It’s hard to grasp just how much has changed in a few short weeks. The global pandemic we’re all experiencing is unprecedented in its scope and severity.
There are no past crises that match the unique experience we’re all living through. But people in Dallas- Fort Worth don’t shy away from a challenge. And that’s especially true of the North Texas business community. D CEO editors asked experts and executives from across the region to share their advice and strategies for weathering the COVID-19 storm. Read on and be informed—and inspired.
A Sudden Change of Plans
In short order, companies across the region pivoted in response to COVID-19.
With several plants on pause, Toyota Motor North America quickly shifted gears to use its 3D printing capabilities to provide much-needed face shields to medical workers on the front lines of the global pandemic.
The Plano-based auto manufacturer also collaborated with medical device companies to expedite the manufacturing of ventilators and respirators, and it made a $500,000 donation to the United Way’s relief efforts during the pandemic.
“Toyota’s core value has always been to contribute to society in meaningful ways beyond providing mobility for our customers,” said Ted Ogawa, Toyota’s incoming CEO. “With our plants idled and our dealers focused on servicing customers, we are eager to contribute our expertise and know-how in order to help quickly bring to market the medical supplies and equipment needed to combat the COVID crisis.”
Other local companies, large and small, also changed course to help with supply shortages.
Unique Software Development started producing as many as 400 respirators a day with its 3D printers.
To help protect first responders closest to home, the Rosewood Corporation and the Caroline Rose Hunt family donated 6,000 face protectors to Dallas Fire and Rescue.
Dallas-based luxury retailer Neiman Marcus partnered with JOANN to make masks, gowns, and scrubs. And West Dallas nail salon Pink Pedi, an eco-friendly, toxin-free salon run by Lucy Dang and Brandon Lyon, used ingredients and packaging they had on hand to create sanitizers and face masks.
Dallas-based AT&T has a long track record of corporate responsibility; this time, it’s helping with education following the shutdown of area schools. The tech, telecom, and entertainment conglomerate set up a $10 million fund to provide resources to educators, parents, and students continuing their studies online.
The United Way of Metropolitan Dallas quickly launched a Coronavirus Response and Recovery Fund to help with both the urgent and long-term needs of North Texans.
As of early April, corporations like Texas Instruments, Bank of America, McKesson Corp., Texas Capital Bank, and others had made more than $2.6 million in donations. United Way also joined with Communities Foundation of Texas, the Dallas Foundation, and about two dozen North Texas fundraisers to help embattled Texas nonprofits. Together they launched North Texas Cares, which allows nonprofits to ask for emergency financial help by filling out a single online form.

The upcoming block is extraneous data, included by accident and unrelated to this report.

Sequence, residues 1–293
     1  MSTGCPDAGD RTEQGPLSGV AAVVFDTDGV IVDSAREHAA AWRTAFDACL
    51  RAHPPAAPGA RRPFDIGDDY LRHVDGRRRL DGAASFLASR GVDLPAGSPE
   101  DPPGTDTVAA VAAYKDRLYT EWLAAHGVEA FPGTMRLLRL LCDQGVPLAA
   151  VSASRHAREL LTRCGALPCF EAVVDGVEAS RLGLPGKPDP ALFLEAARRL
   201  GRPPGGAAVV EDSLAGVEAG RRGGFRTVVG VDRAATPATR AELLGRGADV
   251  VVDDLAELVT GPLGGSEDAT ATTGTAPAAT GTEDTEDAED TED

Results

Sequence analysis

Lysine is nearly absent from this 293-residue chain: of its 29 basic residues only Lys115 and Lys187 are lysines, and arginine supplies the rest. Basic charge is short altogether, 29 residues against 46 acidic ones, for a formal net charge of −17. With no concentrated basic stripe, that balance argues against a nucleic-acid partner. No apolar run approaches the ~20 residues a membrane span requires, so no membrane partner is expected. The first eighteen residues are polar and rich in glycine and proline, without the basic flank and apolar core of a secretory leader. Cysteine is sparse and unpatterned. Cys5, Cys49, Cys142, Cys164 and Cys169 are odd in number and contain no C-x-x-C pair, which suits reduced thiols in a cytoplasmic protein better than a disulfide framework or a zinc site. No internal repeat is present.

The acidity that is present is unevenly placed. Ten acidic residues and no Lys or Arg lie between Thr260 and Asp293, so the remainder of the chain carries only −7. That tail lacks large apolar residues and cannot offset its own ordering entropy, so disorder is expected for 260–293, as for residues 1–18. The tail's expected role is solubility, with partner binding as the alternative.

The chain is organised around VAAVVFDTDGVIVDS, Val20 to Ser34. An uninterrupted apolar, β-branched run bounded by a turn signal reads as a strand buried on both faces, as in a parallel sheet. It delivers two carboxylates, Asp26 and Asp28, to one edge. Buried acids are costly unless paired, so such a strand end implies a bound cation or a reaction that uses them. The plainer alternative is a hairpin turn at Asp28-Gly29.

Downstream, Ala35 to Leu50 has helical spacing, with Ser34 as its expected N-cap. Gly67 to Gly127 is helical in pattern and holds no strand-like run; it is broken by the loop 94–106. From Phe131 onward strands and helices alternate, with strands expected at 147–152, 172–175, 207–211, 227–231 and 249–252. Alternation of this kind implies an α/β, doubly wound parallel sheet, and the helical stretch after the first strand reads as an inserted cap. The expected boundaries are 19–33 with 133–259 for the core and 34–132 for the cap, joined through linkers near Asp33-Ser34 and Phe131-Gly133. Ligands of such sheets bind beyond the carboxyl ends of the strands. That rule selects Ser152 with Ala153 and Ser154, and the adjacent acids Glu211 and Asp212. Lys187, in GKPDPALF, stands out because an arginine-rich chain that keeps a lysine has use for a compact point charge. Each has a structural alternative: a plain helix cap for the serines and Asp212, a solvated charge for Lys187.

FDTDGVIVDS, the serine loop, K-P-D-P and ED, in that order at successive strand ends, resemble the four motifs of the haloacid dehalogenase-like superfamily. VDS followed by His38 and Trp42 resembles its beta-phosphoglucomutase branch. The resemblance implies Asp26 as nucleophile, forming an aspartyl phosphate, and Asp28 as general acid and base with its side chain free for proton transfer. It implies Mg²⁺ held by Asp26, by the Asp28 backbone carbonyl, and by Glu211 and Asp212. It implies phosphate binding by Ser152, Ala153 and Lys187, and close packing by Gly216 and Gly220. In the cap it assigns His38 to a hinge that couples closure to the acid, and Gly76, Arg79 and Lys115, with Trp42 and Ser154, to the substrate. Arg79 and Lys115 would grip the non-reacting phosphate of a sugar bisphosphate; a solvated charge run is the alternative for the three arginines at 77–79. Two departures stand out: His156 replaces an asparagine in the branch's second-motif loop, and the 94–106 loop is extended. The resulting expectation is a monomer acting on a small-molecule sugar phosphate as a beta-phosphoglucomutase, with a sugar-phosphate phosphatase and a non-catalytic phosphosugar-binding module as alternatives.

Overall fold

Communities Foundation of Texas and United Way of Metropolitan Dallas also teamed up with the Dallas Cowboys to spearhead a special local version of the Giving Tuesday movement. Dubbed North Texas Giving Tuesday Now, it will be what organizers call a “one-day emergency giving blitz” on May 5, hosted on the traditional North Texas Giving Day platform.
Senior executives and board members at Dallas-based Jacobs contributed 10 percent of their salaries to help the global engineering firm reach a donation of $1 million toward coronavirus mitigation. The company also set up an employee matching program for local efforts.
“This is a very unsettling time in the world,” says Steve Demetriou, the company’s CEO and chair. We are all “grappling with feelings of concern and uncertainty. And although this is uncharted territory for all of us, the safety and wellbeing of our people and communities remain our top priority.”
Few business continuity plans had specifics for dealing with the current global pandemic that has emerged with incredible speed and force. So, how are North Texas executives—and the companies they lead—faring?
As part of a new interview series called Executive Perspectives, D CEO editors talked with more than 40 top business leaders across various industries to find out. Along with business leadership, industry categories include banking and finance, food and beverage, manufacturing, real estate, retail, technology.
Entrepreneur and Dallas Mavericks owner
“We are all dealing with imperfect information. We don’t know how or when things will end. Don’t let it paralyze you. Be willing to make the best decisions you can, communicate those decisions as honestly and directly as you can, and explain why you think this is the best way to go.” Read More
CEO, PepsiCo Foods North America
“The safety of people, consumers, and the community must remain a top priority. We’re operating in an unprecedented climate that we haven’t experienced before. We must ensure that employees feel safe, supported, and have the resources they need to feel comfortable coming to work in this dynamic environment.” Read More
President and COO, Istation
“To balance some of the more concerning news from around our world, I have started keeping a log of the positive difference we have been able to make during this time. We get emails, tweets, and posts that remind us daily of why we do what we do.” Read More